Shaky Plot Arc Plagues Arthur and the Invisibles
- Thursday, May 17, 2007
Most of the characters are one-dimensional and, surprisingly, the voiceovers of this all-star cast (which reportedly cost the filmmaker millions) bring very little to their roles. Madonna whines. Fallon annoys. Even De Niro, Keitel and Estevez sound like they’re sleepwalking. And Snoop Dogg, who has really proven himself in recent years, is simply flat. The only person who stands out among the cast is Bowie, who is both funny and creepy as the evil Maltazar.
The best part about the film is the live action—especially the opening sequences with Farrow, which are beautifully filmed and arrestingly set. The only problem is that the sets seem far more like the 1950s than the 1960s—save for the scenes with Arthur’s parents, which seem straight out of the Depression era. Farrow does a lovely job with her role, however, and it’s wonderful to see her onscreen. So does Highmore, who is quite engaging when he’s doing live action. Unfortunately, these few scenes are not enough to save the film.
The message, though subtle, is the usual one about kids being able to do great things and parents who are clueless and incompetent. Less subtle is the film’s New Age spirituality, which has characters describing the “Yin and the Yang,” a Buddhist concept, and saying, “May the spirits of the ancients go with you.” At one point, the grandfather insists that the only thing that can save them is prayer, because they need a miracle, implying that this is clearly a means of last resort. But no one prays—and the miracle happens anyway, which seems to say that it’s all about fate anyway. There is no mention of God, and the adults all seem hopelessly inept, which is a constant and very negative refrain in most children’s films.
It was also extremely disturbing to think about a 48-year-old woman (Madonna) falling in love with a 10-year-old boy (Highmore), as their characters do. And, who decided to make Princess Selenia look like she works the streets? For a children’s movie?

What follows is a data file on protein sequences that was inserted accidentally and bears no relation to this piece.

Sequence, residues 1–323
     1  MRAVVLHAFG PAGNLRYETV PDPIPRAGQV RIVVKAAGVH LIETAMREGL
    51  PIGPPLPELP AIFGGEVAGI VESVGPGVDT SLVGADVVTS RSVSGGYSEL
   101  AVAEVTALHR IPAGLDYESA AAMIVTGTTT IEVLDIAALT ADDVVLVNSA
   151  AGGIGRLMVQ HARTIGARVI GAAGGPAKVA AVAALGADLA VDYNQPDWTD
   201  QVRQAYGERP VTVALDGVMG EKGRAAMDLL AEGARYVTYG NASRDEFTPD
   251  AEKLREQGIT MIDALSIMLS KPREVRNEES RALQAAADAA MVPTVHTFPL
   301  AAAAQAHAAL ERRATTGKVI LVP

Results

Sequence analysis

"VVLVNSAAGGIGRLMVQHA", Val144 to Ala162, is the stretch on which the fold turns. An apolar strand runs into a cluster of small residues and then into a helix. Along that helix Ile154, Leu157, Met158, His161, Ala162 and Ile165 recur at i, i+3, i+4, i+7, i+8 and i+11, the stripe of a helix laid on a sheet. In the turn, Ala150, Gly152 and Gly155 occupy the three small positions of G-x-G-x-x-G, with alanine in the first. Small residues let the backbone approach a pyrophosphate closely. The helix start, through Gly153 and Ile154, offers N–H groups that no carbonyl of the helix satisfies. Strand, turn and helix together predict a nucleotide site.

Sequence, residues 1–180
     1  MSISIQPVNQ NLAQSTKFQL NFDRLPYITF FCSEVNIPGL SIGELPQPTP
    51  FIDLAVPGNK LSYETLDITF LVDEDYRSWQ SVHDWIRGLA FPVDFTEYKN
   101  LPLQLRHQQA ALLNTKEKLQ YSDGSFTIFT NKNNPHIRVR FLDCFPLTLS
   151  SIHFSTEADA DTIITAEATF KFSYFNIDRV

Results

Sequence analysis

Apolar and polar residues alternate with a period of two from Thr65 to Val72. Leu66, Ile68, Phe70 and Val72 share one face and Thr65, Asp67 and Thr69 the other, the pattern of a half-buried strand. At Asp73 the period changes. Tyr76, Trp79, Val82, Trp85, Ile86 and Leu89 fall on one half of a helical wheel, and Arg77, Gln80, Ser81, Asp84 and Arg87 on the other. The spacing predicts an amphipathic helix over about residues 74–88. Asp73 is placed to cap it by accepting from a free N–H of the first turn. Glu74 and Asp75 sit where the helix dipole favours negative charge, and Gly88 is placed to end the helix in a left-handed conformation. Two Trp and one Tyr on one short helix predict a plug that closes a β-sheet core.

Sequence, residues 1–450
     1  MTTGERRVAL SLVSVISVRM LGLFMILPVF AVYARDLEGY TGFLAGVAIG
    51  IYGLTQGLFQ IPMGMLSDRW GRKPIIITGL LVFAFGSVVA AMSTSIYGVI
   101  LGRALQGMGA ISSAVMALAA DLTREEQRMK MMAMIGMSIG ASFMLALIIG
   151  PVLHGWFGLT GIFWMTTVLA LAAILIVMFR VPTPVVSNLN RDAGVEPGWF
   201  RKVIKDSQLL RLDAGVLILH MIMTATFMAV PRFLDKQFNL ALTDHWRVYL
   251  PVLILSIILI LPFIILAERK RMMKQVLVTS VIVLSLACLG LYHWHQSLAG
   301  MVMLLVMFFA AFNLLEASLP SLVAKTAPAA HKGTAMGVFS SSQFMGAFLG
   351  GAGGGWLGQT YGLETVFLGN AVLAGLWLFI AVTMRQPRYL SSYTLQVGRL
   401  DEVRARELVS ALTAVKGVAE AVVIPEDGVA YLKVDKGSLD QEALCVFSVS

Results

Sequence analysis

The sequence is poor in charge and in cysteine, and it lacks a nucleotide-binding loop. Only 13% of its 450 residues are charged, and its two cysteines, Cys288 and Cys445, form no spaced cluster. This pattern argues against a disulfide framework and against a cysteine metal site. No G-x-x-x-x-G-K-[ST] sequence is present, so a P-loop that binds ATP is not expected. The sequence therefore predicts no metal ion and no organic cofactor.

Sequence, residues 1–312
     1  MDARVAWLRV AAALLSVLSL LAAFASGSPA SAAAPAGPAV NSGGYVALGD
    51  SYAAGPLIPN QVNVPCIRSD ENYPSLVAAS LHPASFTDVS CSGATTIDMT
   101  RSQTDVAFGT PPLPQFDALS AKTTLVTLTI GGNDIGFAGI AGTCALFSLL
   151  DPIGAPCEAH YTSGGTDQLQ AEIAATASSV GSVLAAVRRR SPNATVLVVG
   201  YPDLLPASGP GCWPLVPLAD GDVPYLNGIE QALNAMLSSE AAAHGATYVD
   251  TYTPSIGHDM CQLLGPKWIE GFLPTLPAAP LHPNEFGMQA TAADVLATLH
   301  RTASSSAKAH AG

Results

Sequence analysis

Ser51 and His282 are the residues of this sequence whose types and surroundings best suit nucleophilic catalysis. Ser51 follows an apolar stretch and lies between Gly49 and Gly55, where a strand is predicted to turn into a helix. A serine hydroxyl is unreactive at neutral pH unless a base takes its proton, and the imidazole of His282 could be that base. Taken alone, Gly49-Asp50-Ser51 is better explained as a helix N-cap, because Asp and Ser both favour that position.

In the end, Arthur and the Invisibles is really only a film that kids (mostly young boys), could love. But not those who are too young, lest they be scared; not those who are too old, lest they be bored; and not those who are too impressionable, lest they be . . . stirred.
AUDIENCE: School-aged children and up
- Featured: The Voices of Arthur and the Invisibles
- Featured: The Making of Arthur and the Invisibles
- Music Vide “Quest for Love” by Jewel
- Music Vide “Beautiful Day” by Elijah
- Theatrical Trailer
- Trailer from the Make Your Own Arthur and the Invisibles Movie Mash-Up Game
- Drugs/Alcohol: Adult character takes “sleeping drops” at night then, after an accident, drinks the entire bottle and passes out. Characters consume a strange green juice which gives them a jolt and causes them to want to dance.
- Language/Profanity: The Lord’s name is taken in vain a few times.
- Religion: Various references to New Age type spirituality, including teaching like “Nature always balances itself with the opposite, which is called the Yin and the Yang” and the blessing, “May the spirits of the ancients guide you.”
- Sexual Content/Nudity: A 1000-year-old female character voiced by Madonna has large breasts, curvaceous hips and wears extremely suggestive clothing. She also falls in love with a 10-year-old boy.
- Violence: Animated violence including threats to kill characters and annihilate entire populations; several characters have been kidnapped; other characters are slaves; numerous fights in which lives of animated characters are endangered; various dismemberment and/or amputations (without blood) during fights.
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